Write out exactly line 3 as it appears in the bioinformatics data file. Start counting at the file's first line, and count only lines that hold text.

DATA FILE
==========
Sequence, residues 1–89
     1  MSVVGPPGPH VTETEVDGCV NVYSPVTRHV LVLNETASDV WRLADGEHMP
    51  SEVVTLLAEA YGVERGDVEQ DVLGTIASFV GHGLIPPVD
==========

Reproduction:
    51  SEVVTLLAEA YGVERGDVEQ DVLGTIASFV GHGLIPPVD